There is also the question of whether the records management system is reasonable or if it needs to be disrupted. In normal operation is it sufficient to yield the docs? This assists with getting to the Sedona ideal set forth in the Cooperation Proclamation. Remember that this is at a stage without the court to be a referee; a response looking to reasonableness is the best start. Peck also suggested documenting everything you do. Cases take a long time! An associate involved at the beginning of a case may or may not be there or even remember at later stages.
It was noted that many times lawyers are like children- if there are not consequences we will not follow rules. When both sides have data there is a greater likelihood of cooperation… the problems arise when the plaintiff has less information- it is an uneven playing field. This is especially true in some 26(f) conferences and general gamesmanship throughout cases. Magistrate Judge Karla Spaulding wrote an opinion in Bray & Gillespie Mgmt. LLC v. Lexington Ins. Co., 2009 WL 546429 (M.D. Fla. Mar. 4, 2009)1 highlighting this matter. Two attorneys at a BigLaw firm are personally sanctioned for a series of blunders and unnecessary fights over metadata. The court found the plaintiff’s lawyers were to blame for stripping metadata from the native files that the client had properly collected. The attorneys refused to produce in native as requested; instead, producing 200,000 unsearchable Tiff files.
In the opinion: When attorneys have engaged in a pattern of withholding and concealing information concerning discoverable material and misrepresenting to the court and opposing counsel material facts about numerous failures to comply with discovery requests and Court orders–including falsely blaming a lack of third-party cooperation and fabricating a false story about the form in which ESI was gathered and stored–courts in this circuit have not hesitated to impose significant sanctions against the law firms that employed the attorneys responsible for this sanctionable conduct.
Judge Facciola cited the Fannie Mae securities litigation2 as another example highlighting flaws with the current system. Here, an agency within Fannie Mae got the subpoena as a third party and they spent 9%of their annual budget (six million dollars) to produce a massive amount of data, and it’s all useless. In Response to 9 motions for enlargement in scope of discovery requests, the government kept saying “we can do this”, ultimately spending an in inexcusable $9.09 per document. The agency then tried to cost shift after they had done all the expense and was completely denied. Parties need to know that without due diligence up front do not count on cost shifting. You must make the best case up front. When it comes to keywords: don’t agree to someone else’s list without doing your own due diligence.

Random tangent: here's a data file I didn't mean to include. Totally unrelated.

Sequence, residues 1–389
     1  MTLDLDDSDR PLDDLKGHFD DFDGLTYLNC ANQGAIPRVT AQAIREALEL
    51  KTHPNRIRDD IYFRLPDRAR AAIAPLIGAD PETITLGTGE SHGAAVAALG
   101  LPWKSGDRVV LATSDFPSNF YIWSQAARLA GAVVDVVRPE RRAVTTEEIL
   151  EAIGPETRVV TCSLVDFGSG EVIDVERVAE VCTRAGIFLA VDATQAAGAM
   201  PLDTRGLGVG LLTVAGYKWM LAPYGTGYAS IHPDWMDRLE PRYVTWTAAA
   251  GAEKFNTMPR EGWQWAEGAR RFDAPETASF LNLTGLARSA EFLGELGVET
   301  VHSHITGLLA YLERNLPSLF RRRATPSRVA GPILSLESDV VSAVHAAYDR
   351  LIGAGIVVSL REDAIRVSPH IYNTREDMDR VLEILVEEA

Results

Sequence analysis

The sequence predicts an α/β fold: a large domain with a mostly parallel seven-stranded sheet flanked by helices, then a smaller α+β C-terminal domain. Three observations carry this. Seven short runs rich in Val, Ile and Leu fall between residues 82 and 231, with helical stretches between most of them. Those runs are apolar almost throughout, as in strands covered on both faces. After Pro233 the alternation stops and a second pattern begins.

For Judge Facciola another massive concern is that data is ever expanding. When dealing with this new breed of Big Data, limiting to 5 keywords is not a viable solution… it will diminish precision in search and veracity of recall.
Government Investigation: Do you see Parties Seeking Relief for ESI?
Craig Cannon, Discovery counsel for Bank of America noted that he has seen regulators and other agencies like the Department of Justice (DOJ) and Federal Trade Commission (FTC) are more receptive to minimizing e-discovery costs. They are not incented to squeeze a corporation for unnecessary documents; they want to get to the crux of the matter. Many in these agencies are open to using technology to reduce data sets and intelligent review.
The judges noted that recent additions to these government agencies (i.e. the DOJ’s Alison Stanton) have brought a new expertise and willingness to cooperate. It is a function of intelligence and understanding. Intelligent review technology is being used in these government investigations.
In the next post, I’ll discuss the Judges’ recommendations on action-items for e-discovery practitioners, utilizing technology solutions, and the recognition of e-discovery as a highly specialized practice area.
 Bray & Gillespie Mgmt. LLC v. Lexington Ins. Co., 2009 WL 546429 (M.D. Fla. Mar. 4, 2009) and more analysis from Ralph Losey on the matter at http://e-discoveryteam.com/interviews/interview-of-judge-shira-scheindlin-and-ralph-losey/
 Fannie Mae Securities Litigation, _ F.3d _, 2009 WL 21528 (C.A.D.C., Jan. 6, 2009). United States Court of Appeals,. District of Columbia Circuit.